"[Chris], you are allowed to be picky. You are too pretty and too smart. You are allowed to be picky."
"Being strong doesn’t mean hiding your pain. It doesn’t mean forgoing help when you’re struggling. It doesn’t mean denying yourself things that feel good for the sake of practicing self-control. It doesn’t mean refusing to show sadness and vulnerability. And it doesn’t mean carrying the burdens of life all by yourself. Anything that prevents your healing and stifles your growth does not correspond with strength. Being strong means refusing to tolerate people and things that wound your soul. It means practicing self-care when you’re hurting. It means honoring your feelings by actually allowing yourself to feel and express them. It means treating yourself with compassion and kindness, even when you feel like you don’t deserve any. It means doing what makes you happy and being with people who make you feel good, regardless of outside judgements. It means asking for help when the weight of the world has become too much. It means giving yourself permission to get your needs met by setting boundaries and using your voice. It means forgiving yourself on the days that you’re struggling and can’t be brave. It means challenging the voice telling you that you’re inadequate and worthless and reminding yourself, repeatedly, that you are enough."
Daniell Koepke (via internal-acceptance-movement)
And here she is giving up herself for commitment.
The scares of hypocrisy.
"She’s always liked goons."
english literature: foreshadowing
She’s giving him her without commitment.
This one time, I think it was five years ago—maybe six, I used to talk to this friend on the phone a lot, Nicholas. We would talk about so many things for long and late hours. This time particularly, I remember he was talking about some nonsensical stuff (which at the time I didn’t know was nonsensical, but grew to understand that many of the things he’d talk about were nonsensical); something about not being able to be in a committed relationship because of his “need for sex [with multiple partners].” So hearing this, I became intrigued about open relationships. Would that be something he’d be interested in? (Not with me, but in general.) I asked him, and we moved towards talking about open relationships. He told me that he’d be interested in something like that, but couldn’t imagine having his girl engage with other partners. Just him, I concluded. Of course, this was a problem. But the conversation continued nonetheless. He said that the girl would really have to love him to do that—be in an open relationship with him and not have partners outside of him. Perhaps, I said. I remember then, I thought that might be true. I wondered to myself, if I loved him, would I be okay with this exchange: being in an open relationship with him and not having partners outside of him? Could I withstand that? I don’t remember what my response to that was. Knowing adolescent me, it might have conceded to that. Content with having that person even if that meant them having it all and me just having them: a concession indeed, I imagine.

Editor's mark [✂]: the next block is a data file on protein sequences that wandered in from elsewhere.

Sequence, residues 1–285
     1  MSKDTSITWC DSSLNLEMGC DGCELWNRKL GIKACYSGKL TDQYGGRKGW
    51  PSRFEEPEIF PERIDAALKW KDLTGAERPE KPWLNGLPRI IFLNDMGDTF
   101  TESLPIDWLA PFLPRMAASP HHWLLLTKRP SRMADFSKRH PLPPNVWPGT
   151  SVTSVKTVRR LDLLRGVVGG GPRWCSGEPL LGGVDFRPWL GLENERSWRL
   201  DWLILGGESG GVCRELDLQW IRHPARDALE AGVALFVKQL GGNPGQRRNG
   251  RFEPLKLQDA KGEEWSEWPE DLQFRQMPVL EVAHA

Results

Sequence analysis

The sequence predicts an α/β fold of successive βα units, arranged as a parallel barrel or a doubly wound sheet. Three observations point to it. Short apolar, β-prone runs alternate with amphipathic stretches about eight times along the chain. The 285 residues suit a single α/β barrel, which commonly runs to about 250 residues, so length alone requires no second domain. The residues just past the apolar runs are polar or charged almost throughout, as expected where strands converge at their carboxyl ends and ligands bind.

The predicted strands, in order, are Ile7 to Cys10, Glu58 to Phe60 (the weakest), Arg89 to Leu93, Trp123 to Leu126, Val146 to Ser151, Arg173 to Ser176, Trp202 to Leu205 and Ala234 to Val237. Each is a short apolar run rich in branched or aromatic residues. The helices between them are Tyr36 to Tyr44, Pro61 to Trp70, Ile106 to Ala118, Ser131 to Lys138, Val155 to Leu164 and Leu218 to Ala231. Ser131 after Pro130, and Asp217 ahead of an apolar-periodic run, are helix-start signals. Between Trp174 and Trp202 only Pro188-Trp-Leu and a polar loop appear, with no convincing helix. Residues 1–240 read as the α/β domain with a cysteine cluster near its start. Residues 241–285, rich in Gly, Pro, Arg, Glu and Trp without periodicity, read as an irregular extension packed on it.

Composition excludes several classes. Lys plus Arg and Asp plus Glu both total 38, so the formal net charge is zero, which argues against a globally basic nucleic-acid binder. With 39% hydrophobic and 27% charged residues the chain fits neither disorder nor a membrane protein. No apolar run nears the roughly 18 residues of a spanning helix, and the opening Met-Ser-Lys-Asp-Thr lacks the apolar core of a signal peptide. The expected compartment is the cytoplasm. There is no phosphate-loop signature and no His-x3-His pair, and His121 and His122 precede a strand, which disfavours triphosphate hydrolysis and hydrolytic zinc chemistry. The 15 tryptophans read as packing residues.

That conversation seems to have found a place in my life again, after six or so years. It’s, as the english literarians (yes, I made that up) call, foreshadowing.
I say this because, I think she’s at a place right now where this thing is happening again. Concession in a similar type of exchange, that is. I think she wants things so bad that she would be willing to compromise herself just to have it. (Them, I mean.)
Rather than the question, would she be okay with being in an open relationship with him and not having partners outside of him, she has entered that relationship. Not literally, of course. But figuratively. She is (okay with) it. She’s scared, I think. Scared about this reality: being in this tumultuous place. A place that seemingly goes against the self she has constructed, but a place she nonetheless inhabits. I think she’s scared because she didn’t think she could ever get here. Out of everyone, she thought herself the least to get here. Her, compromise herself, not likely. But here she is: compromised.
This conversation she had with Nicholas so many years ago, I remember for a reason. It was this conversation that opened her to the reality of her compromised self. That even if she, the I-would-never-for-anyone type, could concede to the possibility—the possibility, alone—of uni-reciprocal open relationships that meant she would be content with having them alone, then that meant that the reality of her self as one compromised has always existed, would always exist.